Art Wednesday: Richard Waitt

Portrait of John 20th Earl of Crawford and Lindsay 1725-30 Oil on canvas laid onto board Private collection

Portrait of John 20th Earl of Crawford and Lindsay
1725-30
Oil on canvas laid onto board
Private collection

Richard Waitt was a Scottish painter, active from c. 1706 and died in 1732. Waitt specialised in portraiture, but began his career as a decorative painter. His first recorded work is a coat of arms for the Earl of Hopetoun. He may have trained in the Edinburgh studio of the painter John Scougal (c. 1645-c. 1730) and seems to have produced several different types of painting, notably still-life. However later he painted primarily portraits, and for many years worked almost exclusively with the Clan Grant.

Self-Portrait 1728 Oil on canvas, 107 x 127 cm National Gallery of Scotland, Edinburgh

Self-Portrait
1728
Oil on canvas, 107 x 127 cm
National Gallery of Scotland, Edinburgh

He married into a family with Jacobite sympathies and possibly left the country, temporarily, after the 1715 Jacobite Rising. He must have returned by 1722, however, when he resumed work for the Clan Grant based in Castle Grant, Strathspey. Waitt’s series of portraits formed a unique clan gallery.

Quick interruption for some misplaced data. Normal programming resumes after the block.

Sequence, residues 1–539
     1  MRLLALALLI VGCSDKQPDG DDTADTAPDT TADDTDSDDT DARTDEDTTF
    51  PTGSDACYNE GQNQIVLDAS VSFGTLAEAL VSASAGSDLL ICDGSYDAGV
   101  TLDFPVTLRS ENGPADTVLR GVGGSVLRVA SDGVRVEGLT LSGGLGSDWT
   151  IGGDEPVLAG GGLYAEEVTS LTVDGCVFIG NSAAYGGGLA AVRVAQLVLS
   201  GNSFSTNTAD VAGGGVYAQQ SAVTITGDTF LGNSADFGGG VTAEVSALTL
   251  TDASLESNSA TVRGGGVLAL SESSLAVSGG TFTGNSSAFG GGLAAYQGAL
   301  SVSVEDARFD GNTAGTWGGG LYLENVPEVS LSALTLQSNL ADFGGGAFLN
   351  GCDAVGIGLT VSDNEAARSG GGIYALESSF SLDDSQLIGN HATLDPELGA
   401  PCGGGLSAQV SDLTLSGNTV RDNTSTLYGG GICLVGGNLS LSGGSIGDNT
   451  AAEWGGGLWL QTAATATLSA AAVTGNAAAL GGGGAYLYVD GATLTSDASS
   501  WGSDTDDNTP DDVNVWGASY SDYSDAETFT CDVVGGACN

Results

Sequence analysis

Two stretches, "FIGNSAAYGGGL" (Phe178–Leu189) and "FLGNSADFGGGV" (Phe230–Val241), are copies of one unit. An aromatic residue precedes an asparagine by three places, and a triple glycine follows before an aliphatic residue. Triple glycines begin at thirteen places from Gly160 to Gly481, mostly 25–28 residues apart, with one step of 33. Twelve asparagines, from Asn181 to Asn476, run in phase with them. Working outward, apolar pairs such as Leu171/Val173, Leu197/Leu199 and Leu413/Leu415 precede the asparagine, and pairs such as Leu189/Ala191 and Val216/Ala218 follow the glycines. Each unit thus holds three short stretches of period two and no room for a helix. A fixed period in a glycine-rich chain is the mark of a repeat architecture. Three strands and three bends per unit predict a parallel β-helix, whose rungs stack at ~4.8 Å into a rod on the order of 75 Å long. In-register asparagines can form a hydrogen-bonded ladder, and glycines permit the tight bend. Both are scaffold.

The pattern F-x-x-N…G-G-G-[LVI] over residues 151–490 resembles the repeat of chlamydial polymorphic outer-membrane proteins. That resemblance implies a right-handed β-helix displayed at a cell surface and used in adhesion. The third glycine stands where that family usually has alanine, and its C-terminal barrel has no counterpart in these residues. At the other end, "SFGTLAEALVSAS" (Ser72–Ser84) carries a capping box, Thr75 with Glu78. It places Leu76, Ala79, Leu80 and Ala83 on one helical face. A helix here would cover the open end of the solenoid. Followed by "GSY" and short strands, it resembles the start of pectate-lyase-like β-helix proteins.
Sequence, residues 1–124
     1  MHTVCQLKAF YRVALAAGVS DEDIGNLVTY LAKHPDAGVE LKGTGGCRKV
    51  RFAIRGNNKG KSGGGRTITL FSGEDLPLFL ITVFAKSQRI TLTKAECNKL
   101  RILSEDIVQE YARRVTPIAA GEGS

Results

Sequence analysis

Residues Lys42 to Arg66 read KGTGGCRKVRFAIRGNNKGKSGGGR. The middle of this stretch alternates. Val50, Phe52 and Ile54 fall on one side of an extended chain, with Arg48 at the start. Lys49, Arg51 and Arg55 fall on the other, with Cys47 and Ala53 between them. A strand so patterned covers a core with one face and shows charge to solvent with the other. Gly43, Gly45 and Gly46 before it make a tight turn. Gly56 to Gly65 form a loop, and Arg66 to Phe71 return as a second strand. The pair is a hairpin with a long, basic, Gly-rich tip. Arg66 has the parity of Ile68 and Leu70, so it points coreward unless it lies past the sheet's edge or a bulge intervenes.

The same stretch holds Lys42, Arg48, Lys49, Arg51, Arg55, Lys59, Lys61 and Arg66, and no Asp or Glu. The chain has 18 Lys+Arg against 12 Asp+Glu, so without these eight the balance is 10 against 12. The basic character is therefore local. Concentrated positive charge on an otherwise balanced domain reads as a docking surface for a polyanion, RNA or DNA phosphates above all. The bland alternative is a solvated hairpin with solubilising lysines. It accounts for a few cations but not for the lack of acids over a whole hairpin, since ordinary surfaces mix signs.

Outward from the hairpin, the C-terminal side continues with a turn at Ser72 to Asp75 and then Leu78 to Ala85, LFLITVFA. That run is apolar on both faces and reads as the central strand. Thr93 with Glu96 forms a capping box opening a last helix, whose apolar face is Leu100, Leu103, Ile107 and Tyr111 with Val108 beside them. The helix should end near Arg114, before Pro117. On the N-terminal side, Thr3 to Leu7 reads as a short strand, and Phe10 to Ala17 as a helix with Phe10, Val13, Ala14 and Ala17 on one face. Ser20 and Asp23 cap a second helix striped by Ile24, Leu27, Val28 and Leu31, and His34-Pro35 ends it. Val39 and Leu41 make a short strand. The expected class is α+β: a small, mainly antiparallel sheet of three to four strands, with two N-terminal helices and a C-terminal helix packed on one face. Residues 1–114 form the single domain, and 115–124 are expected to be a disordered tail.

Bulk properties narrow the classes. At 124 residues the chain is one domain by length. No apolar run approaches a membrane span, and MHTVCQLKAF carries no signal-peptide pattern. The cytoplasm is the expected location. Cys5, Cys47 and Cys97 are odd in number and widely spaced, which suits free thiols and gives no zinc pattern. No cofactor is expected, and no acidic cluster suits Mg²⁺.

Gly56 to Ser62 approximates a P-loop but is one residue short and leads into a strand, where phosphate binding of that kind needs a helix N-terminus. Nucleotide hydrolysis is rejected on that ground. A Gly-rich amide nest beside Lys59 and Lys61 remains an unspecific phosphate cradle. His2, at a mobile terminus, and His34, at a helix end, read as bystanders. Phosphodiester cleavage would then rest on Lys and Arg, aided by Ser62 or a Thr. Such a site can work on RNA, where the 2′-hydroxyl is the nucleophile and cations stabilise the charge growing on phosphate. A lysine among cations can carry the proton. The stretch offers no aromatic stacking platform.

Crash

About the Portrait of John 20th Earl of Crawford and Lindsay:

This painting represents the full-length portrait of John 20th Earl of Crawford and Lindsay, “The Gallant Earl of Crawford” (1702-1749) dressed in Hussars’ uniform holding a musket and standing in a highland landscape. Like his father he sought a military career; he entered the army in 1726 and was a captain in the 3rd foot guards by the end of 1734. Undoubted bravery, far-flung service, generosity of spirit, and courageous persistence in living with a painful wound made “the gallant earl” a hero to his contemporaries.

About the Self-Portrait:

This self-portrait shows the artist sitting at his easel pointing to a painting that he has just completed. The painting of the nude on his easel is probably a representation of ‘sight’ from the traditional series of the five senses, explaining the little hand-mirror – and, of course, the unseen mirror into which Waitt himself looks. Or perhaps the woman, who gazes towards the artist rather than her mirror, symbolizes the art of portraiture itself.

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